Nova Scotia Adoption Records

Nova Scotia is currently a “closed records” province.  Join the effort to push for Open Records in Nova Scotia by joining   the Coalition for Open Records Nova Scotia  at www.coarns.com  Email:  coarns3@gmail.com

Latest CBC story on Nova Scotia Adoption Records:
http://www.cbc.ca/news/canada/nova-scotia/adoption-records-staying-closed-in-nova-scotia-1.2622508/

COAR NOVA SCOTIA MISSION STATEMENT

COARpei advocates for adoption disclosure legislation that provides adopted adults unrestricted access to their original birth certificate, and unrestricted access to identifying information on their natural parents.  COARpei advocates for adoption disclosure legislation that provides natural mothers unrestricted access to the original birth certificate of their son or daughter, and provides natural parents unrestricted access to identifying information on their son or daughter.

CURRENT STATUS ON OPEN RECORDS – NOVA SCOTIA

Adopted persons  still do not have the right to access their original birth certificates and identifying information, nor can natural parents obtain the adopted names of the son or daughter  lost to adoption.

Non-identifying information is available to natural parents, adoptees, and other natural family members. Nova Scotia also maintains a passive registry and staff will also conduct active searches. Identifying information can only be obtained with prior consent of the person who is being identified.

1.  Adoption Disclosure

Adoption Disclosure Service Program
Department of Community Services
P.O. Box 696 Halifax, Nova Scotia
B3J 2T7
(902) 424-2755

2.  Obtain your Hospital Records

Mothers can call the Medical Records department of the hospital in which the birth took place to obtain your hospital chart with respect to prenatal care, labour and delivery, post natal care, hospital stay, etc.  Mothers should also apply for their child’s hospital record.  (Hint:  Do not use the word “adopted” if possible,  and if asked why records are required the answer is “for my personal record”.)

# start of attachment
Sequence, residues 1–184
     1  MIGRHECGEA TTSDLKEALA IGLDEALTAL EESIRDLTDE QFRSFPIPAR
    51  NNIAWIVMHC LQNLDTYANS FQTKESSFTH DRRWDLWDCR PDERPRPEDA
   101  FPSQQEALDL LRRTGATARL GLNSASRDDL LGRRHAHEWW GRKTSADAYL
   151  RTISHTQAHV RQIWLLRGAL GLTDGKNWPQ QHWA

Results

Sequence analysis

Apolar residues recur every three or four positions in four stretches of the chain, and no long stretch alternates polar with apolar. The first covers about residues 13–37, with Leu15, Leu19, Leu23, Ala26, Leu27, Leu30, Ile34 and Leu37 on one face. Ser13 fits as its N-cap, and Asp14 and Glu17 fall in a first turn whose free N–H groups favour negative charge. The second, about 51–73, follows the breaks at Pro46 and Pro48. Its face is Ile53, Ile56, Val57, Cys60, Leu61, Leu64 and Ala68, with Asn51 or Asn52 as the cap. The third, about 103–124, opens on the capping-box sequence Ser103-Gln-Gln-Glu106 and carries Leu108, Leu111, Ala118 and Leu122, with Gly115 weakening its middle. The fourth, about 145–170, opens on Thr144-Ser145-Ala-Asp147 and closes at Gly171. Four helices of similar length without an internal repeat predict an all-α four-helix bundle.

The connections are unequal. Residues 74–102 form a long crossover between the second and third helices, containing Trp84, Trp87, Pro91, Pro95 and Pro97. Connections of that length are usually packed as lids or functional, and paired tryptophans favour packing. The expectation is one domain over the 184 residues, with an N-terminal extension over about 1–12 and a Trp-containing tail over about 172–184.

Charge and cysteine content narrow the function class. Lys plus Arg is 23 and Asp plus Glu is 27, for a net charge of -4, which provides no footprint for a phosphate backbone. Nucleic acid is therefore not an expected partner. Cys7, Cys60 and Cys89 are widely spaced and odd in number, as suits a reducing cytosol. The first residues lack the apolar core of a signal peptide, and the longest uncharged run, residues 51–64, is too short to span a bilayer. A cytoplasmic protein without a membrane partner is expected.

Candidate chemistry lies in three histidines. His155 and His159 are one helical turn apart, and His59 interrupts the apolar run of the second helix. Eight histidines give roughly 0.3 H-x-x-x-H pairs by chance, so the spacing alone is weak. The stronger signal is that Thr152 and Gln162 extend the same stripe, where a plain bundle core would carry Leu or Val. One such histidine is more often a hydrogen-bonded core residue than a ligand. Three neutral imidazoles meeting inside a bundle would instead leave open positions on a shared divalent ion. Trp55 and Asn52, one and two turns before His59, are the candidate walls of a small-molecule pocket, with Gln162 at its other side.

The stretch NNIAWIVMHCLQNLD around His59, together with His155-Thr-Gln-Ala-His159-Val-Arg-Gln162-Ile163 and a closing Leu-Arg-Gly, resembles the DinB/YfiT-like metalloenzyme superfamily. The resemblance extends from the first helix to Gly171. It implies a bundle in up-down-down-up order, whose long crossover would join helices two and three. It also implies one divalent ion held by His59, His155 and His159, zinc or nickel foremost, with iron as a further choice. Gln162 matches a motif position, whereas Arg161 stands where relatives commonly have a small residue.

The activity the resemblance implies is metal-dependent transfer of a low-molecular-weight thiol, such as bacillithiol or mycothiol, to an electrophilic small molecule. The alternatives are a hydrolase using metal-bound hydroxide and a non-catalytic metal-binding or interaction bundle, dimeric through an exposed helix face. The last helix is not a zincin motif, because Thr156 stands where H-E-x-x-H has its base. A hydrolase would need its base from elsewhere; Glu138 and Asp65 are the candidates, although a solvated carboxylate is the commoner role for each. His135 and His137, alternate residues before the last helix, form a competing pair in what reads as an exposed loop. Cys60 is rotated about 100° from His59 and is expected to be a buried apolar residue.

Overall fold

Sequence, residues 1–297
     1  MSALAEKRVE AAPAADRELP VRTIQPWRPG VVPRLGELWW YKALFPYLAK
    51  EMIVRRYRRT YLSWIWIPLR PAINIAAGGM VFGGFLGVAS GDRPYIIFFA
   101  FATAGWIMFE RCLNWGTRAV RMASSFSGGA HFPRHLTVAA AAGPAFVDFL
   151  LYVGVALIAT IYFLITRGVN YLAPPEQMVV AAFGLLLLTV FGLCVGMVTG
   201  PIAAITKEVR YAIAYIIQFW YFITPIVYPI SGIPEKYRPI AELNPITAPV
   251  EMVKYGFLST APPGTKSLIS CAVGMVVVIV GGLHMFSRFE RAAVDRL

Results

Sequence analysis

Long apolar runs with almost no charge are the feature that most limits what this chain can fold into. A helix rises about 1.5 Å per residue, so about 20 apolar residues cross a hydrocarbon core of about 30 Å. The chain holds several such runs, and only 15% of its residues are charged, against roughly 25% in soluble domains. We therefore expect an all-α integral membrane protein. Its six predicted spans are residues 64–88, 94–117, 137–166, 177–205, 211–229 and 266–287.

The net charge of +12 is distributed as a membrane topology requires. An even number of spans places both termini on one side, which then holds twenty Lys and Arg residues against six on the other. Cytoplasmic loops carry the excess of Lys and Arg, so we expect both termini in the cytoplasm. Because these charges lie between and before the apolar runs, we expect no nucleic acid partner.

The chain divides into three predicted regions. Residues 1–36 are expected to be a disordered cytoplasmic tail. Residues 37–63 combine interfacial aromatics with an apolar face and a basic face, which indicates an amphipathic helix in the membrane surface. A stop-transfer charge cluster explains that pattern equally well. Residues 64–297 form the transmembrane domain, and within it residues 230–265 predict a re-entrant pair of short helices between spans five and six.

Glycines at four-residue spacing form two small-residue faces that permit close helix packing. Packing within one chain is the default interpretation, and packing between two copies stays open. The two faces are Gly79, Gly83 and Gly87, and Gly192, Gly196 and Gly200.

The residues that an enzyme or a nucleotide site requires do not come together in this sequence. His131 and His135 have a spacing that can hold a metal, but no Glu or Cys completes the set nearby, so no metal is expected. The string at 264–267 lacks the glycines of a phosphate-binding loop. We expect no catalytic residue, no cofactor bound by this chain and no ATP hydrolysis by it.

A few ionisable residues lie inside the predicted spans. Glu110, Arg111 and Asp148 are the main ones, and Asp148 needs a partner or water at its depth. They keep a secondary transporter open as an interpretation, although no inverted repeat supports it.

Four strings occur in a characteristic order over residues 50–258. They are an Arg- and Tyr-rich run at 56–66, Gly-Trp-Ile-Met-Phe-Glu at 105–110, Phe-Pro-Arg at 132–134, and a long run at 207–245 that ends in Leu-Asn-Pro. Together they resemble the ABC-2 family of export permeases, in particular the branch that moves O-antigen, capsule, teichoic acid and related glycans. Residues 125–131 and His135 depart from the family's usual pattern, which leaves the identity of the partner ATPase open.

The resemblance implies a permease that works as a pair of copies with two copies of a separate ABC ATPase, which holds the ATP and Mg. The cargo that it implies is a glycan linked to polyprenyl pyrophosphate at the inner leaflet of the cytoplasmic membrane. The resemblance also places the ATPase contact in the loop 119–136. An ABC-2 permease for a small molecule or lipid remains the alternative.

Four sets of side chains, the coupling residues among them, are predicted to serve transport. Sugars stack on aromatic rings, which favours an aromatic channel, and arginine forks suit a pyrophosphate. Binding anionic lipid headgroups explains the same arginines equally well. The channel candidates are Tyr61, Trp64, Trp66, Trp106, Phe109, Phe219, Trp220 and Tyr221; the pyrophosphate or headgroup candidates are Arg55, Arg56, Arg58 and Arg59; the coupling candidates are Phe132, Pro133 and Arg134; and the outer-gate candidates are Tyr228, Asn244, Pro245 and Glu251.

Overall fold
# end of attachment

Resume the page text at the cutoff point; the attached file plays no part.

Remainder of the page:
3.  Maternity Home Records

Mothers who resided in Maternity Homes may apply to the organization which ran the home for any records which may have survived:

For Salvation Army Homes contact:

Salvation Army Archives
26 Howden Road, Scarborough, Ontario
M1R 3E4    Telephone:  416-285-4344

4. Cross Border Adoption/Baby Trafficking to the United States

Many children from the Maritimes were trafficked to the USA for adoption…here is some information re US Immigration http://www.us-immigration.com/freedom-information-privacy-act-facts/

See Karen Balcom’s book “The Traffic in Babies: Cross Border Adoption and Baby-Selling between the United States and Canada 1930-1972. http://www.amazon.ca/Traffic-Babies-Cross-Border-Baby-Selling-1930-1972/dp/0802096131/ref=sr_1_2?ie=UTF8&qid=1363455255&sr=8-2

More Information:

A campaign for open records in Nova Scotia led by people affected by adoption resulted in the introduction of Bill 12, the Adoption Information Act (1996) in the Provincial Legislature (First Reading on April 9, 1996, Second Reading Debates May 3, May 7, May 9, 1996). After lobbying by a handful of social workers and adoptive parents, this bill did not pass as presented, and records in Nova Scotia remain closed.